Covering the burn with cling film or a clean plastic bag will help to keep it clean and will stop it from being irritated. Any swelling should be treated much like a cut or graze. This means elevating the injury where possible. Keeping the patient warm is also an important element to remember.
How To Treat Migraines
It is common for people to suffer from headaches and usually these will go away on their own after a few hours. A migraine on the other hand can cause great discomfort. Symptoms of a migraine include either being sick or feeling sick and experiencing greater sensitivity to sound or light. Migraines can be triggered by a number of things including stress, tiredness and types of food or drinks.
It can be difficult to know how to treat a migraine, especially in the workplace. Lying down in a quiet and dark room is one of the most common ways people try to relieve the symptoms. You could also take paracetamol or ibuprofen which may also help. In some cases, the sufferer may have their own medication such as triptans and anti-emetics.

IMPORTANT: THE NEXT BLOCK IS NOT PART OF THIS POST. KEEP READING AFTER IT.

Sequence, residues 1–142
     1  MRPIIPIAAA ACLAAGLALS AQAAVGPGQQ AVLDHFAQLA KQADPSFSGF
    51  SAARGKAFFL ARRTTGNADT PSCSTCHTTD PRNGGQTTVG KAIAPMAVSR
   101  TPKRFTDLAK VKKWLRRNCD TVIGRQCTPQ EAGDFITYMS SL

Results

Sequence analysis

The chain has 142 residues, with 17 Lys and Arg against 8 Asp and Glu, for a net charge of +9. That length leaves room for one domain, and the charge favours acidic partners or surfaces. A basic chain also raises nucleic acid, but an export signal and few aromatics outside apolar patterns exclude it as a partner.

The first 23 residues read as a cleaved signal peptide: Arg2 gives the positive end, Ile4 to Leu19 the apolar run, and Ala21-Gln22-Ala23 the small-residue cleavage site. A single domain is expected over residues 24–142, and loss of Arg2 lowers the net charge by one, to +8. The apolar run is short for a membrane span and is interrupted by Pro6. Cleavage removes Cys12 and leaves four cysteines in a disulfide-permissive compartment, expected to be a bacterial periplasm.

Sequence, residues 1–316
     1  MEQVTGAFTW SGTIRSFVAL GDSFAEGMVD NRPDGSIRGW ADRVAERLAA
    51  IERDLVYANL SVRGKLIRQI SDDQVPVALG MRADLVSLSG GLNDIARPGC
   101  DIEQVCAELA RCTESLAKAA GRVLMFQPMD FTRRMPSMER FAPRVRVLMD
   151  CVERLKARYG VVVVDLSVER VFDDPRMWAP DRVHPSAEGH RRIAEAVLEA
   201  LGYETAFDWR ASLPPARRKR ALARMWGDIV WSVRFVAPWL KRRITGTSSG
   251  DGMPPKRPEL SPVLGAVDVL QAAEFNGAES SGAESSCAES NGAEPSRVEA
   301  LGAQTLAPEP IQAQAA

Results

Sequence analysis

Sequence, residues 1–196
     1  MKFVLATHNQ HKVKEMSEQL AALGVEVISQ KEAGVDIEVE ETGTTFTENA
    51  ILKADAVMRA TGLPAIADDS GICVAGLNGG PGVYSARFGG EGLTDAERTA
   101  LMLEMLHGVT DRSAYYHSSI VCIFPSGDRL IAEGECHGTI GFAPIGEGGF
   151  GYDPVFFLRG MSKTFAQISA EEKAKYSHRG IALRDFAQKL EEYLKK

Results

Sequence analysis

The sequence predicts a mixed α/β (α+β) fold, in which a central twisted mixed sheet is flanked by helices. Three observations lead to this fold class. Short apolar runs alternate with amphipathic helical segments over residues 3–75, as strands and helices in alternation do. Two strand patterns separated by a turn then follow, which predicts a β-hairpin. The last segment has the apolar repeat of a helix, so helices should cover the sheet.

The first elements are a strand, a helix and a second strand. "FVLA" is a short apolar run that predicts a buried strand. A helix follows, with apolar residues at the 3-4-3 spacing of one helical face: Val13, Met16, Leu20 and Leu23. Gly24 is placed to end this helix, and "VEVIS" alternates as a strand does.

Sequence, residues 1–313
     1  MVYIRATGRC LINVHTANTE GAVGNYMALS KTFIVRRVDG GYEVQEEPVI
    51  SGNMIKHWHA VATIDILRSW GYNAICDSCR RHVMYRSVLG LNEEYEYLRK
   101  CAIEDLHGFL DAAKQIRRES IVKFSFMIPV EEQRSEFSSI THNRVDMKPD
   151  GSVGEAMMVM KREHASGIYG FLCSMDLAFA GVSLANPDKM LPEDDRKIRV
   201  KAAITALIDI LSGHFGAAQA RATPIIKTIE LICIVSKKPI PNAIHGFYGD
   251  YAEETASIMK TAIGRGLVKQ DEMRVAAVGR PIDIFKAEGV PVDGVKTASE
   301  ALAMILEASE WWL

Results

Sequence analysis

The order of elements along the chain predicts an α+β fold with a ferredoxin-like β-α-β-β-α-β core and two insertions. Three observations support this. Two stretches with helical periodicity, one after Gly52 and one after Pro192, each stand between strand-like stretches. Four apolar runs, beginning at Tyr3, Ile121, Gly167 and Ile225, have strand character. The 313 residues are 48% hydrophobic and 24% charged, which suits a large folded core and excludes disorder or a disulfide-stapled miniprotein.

There are extreme circumstances in which you should call an ambulance immediately. If any of the following symptoms are being displayed an ambulance should be called.
- A headache and a high temperature or fever
- A headache with a stiff neck
- Slurred speech
- Weakness in the arms or 1 side of the face
How To Treat Insect Bites & Stings
Luckily in the UK most insect bites and stings will not cause serious injury. In the summer months especially it’s not uncommon to experience stings from wasps and bees and bites from mosquitos, horseflies and ticks. Unless the person stung is allergic to the sting or bite, they are relatively easy to manage and treat.